With so many minor questions left unanswered, Carlson’s captivating novel proves to be more about the journey than the destination.

Pub Date: April 17, 2012

ISBN: 978-0984991808

Page Count: 389

Publisher: First Snow Publishing House

Review Posted Online: May 1, 2012

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A fun adventure for anyone who’d love to see a few spunky kids trick some bad-news pirates.



Pirates, magic and a secret society collide in this fantasy middle-grade novel.

This fast-paced novel follows best friends Cameron and Miguel, who are looking for adventure while cruising through their Arizona town on a tandem bicycle. They find it when an enchanted pirate ship flies overhead and lands in a convenience store’s parking lot. The ship sets up as a shop, which uses an intoxicating mist to trick customers into buying overpriced sea-themed merchandise, while simultaneously making them defenseless against pickpocket pirates. Cameron has bigger problems when Blackbeard, the ship’s intimidating captain, decides that the tween has stolen a powerful ring that would allow him to shape-shift into any person he imagines. Raising the stakes, the pirates kidnap Miguel and force him to perform grunt work with no chance of release. Cameron enlists the help of his best gal pal, Marcella, to free Miguel, but their mission takes a surprising turn when they discover a secret society protecting an underground gold mine. Author Loge keeps the action coming as the trio encounter a nasty doppelganger, a sinister talking parrot and a gang of violent pirates. The breezy writing ensures that the story doesn’t get stale. With so many quick twists and turns, young readers could get lost along the way, but Loge clearly explains all the unexpected changes to keep his audience on track. In addition to a sprinkling of black-and-white illustrations, Cameron’s easy friendship with Miguel and Marcella keeps things light and youthful when the tale could have been bogged down with one too many odd, mystical events. The heart of the book—a young boy as the chosen one who must defeat an evil enemy—has been a common YA plotline in recent years, but Loge’s energetic style makes the theme seem fresh.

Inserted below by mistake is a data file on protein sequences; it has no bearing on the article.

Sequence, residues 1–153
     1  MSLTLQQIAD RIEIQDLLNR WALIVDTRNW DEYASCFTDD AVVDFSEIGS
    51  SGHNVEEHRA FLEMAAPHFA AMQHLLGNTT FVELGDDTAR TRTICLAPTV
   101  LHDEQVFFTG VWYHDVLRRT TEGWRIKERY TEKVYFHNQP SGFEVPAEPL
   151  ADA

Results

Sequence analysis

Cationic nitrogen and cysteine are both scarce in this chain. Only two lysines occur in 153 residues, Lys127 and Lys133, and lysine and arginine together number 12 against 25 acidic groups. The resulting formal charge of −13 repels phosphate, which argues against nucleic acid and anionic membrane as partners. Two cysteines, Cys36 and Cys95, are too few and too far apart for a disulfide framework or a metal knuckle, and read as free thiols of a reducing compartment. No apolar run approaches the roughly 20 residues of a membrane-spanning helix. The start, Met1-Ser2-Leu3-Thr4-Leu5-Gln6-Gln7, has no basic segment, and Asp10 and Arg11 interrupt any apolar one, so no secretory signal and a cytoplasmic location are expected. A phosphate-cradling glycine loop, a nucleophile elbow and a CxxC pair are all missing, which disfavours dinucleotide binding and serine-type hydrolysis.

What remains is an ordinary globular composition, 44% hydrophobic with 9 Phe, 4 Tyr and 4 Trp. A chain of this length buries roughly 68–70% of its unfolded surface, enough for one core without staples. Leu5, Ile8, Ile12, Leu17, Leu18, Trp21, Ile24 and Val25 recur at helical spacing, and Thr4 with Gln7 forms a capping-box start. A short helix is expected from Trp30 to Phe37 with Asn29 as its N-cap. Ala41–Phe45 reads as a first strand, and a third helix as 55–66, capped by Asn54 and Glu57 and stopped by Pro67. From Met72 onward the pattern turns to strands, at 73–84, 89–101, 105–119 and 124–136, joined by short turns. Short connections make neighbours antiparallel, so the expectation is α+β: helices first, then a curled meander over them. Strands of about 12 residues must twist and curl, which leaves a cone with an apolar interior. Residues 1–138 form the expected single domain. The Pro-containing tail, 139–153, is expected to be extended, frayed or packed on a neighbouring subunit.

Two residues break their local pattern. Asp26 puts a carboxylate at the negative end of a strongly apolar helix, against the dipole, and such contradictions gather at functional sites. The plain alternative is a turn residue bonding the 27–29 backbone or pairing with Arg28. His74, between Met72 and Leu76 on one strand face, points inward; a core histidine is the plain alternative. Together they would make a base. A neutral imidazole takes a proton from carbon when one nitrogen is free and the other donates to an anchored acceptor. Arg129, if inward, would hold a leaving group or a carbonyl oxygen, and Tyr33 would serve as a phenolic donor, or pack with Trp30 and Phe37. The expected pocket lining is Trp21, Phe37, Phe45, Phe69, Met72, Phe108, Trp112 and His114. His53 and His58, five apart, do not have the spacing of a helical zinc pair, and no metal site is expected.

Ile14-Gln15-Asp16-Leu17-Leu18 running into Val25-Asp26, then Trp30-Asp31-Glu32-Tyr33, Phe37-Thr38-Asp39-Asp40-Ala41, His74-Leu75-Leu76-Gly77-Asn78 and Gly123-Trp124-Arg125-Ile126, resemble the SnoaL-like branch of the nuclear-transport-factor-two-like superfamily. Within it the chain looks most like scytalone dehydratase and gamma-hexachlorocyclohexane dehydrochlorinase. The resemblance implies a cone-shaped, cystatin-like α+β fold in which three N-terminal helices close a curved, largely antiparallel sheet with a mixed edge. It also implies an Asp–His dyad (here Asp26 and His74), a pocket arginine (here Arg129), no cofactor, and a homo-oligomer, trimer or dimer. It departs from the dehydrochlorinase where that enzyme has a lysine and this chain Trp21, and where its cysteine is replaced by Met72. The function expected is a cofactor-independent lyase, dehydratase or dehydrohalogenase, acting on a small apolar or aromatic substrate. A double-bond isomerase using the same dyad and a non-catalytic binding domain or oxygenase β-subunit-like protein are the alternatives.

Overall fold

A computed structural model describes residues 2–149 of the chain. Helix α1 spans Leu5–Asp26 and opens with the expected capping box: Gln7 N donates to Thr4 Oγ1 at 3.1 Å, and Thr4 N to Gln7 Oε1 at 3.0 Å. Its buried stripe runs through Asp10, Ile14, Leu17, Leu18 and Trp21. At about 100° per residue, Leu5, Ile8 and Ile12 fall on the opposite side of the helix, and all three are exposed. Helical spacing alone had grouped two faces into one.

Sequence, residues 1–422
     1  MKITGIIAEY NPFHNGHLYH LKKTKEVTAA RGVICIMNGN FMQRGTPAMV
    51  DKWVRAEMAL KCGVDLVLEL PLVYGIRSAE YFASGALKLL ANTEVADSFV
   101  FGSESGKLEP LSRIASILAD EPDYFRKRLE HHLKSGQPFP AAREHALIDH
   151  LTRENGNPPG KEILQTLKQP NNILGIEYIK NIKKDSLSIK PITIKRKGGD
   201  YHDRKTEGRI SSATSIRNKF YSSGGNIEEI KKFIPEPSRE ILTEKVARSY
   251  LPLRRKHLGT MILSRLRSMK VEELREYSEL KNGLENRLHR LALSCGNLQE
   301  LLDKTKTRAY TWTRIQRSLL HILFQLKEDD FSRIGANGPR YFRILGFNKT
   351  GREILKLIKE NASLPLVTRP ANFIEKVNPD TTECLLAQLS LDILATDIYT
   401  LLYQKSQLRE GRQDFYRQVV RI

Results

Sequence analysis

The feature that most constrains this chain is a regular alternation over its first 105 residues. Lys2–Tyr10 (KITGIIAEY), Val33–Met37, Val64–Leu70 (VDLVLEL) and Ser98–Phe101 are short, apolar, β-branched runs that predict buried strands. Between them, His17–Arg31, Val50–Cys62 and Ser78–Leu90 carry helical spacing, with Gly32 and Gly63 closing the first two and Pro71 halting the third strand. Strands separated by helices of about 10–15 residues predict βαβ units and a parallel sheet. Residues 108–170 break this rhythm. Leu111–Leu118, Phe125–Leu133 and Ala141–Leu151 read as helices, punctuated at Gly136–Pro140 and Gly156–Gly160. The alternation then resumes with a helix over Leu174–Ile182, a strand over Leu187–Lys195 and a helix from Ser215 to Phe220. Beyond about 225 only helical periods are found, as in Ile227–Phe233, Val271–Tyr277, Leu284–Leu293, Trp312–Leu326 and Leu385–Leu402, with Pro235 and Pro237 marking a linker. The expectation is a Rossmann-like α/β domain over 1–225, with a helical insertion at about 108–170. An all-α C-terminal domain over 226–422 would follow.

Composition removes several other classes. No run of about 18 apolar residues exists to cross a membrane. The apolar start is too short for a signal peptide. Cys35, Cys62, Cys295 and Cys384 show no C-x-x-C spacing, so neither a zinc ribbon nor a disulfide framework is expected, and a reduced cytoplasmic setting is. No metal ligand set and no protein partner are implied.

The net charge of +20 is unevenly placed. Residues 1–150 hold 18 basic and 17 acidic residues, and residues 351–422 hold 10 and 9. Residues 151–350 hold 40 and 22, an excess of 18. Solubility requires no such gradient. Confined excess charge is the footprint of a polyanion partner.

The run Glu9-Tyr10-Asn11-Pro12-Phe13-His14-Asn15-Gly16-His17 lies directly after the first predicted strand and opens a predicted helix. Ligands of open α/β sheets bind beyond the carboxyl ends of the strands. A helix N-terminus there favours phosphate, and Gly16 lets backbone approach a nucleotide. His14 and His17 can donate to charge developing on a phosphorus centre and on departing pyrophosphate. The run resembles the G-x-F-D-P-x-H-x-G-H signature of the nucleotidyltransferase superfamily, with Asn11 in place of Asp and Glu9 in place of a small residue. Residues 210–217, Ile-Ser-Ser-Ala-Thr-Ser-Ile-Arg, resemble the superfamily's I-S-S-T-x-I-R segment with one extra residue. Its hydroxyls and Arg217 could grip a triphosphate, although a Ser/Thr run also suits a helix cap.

A fun adventure for anyone who’d love to see a few spunky kids trick some bad-news pirates.

Pub Date: Sept. 5, 2011


Page Count: -

Publisher: Amazon Digital Services

Review Posted Online: May 7, 2012